Young people in Hague ethnically diverse neighborhood mistrust the police

Police officers on the street
Police officers on the street. (Photo: Politie)

Young people in The Hague's ethnically diverse neighborhood of Schilderswijk, still harbor a lot of mistrust towards the police, according to a study by the Hague University of Applied Sciences. The researchers note that the relationship showed some improvement over the past years, but the problems are still far from solved, NOS reports.

The relationship between the police and young people in Schilderswijk reached a low point two years ago, following the death of Mitch Henriquez in police custody. Henriquez died due to a lack of oxygen, caused by a police officer using a chokehold on him while he was being arrested at a music festival in the neighborhood. Several days of violent riots followed his death. 

The researchers spoke to around 50 young people in Schilderswijk, both before and after Henriquez's death.

According to the study, the young people in Schilderswijk don't feel well treated by the police. They say the police discriminate against them, use ethnic profiling and don't listen to them. A positive exception to this is the neighborhood police officers. The young people consider these officers to be okay, because the know them. 

The researchers note that there has been some improvement in the years since Henriquez's death in 2015. "There has been a big change in the attitude of the police and the municipality, there is more bonding with the neighborhood and there are fewer ID checks. That's what the young people say in interviews. Yet they are still negative about the police. Their image does not change so fast", researcher Corina Duijndam said, according to NOS.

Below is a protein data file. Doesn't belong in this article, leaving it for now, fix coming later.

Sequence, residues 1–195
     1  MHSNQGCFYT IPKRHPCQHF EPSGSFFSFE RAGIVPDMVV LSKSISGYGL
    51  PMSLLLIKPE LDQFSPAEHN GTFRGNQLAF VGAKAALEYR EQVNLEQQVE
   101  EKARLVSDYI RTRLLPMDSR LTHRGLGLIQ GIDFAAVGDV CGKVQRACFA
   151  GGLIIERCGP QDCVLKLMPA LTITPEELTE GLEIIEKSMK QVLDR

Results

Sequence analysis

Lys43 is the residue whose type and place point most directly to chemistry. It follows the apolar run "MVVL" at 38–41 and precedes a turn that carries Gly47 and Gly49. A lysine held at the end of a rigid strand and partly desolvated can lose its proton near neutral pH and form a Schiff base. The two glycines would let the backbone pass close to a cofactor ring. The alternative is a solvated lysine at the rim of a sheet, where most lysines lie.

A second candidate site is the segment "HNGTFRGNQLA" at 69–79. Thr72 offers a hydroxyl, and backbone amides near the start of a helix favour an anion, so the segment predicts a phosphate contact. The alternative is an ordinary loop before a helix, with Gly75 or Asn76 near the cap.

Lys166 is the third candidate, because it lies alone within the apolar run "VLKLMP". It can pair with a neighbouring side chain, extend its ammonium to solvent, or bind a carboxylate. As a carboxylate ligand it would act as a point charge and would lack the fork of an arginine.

These young people see the police as representatives of the larger system - the government - in which they have no trust, according to the study. "Young people feel powerless against the system", Duijndam said. "It stands for unemployment and discrimination. They feel like second-rate citizens. Every white they see is a policeman or journalist who writes something bad about the neighborhood, or a teacher who punishes them. There is a big gap between society and the neighborhood."

The researchers advice the authorities to change the composition of the police corps in Schilderswijk, so that it better represents the ethnic diversity in the neighborhood. They also think that the police should be more reserved in doing ID checks, and give citizens a clear explanation about why the checks are being done.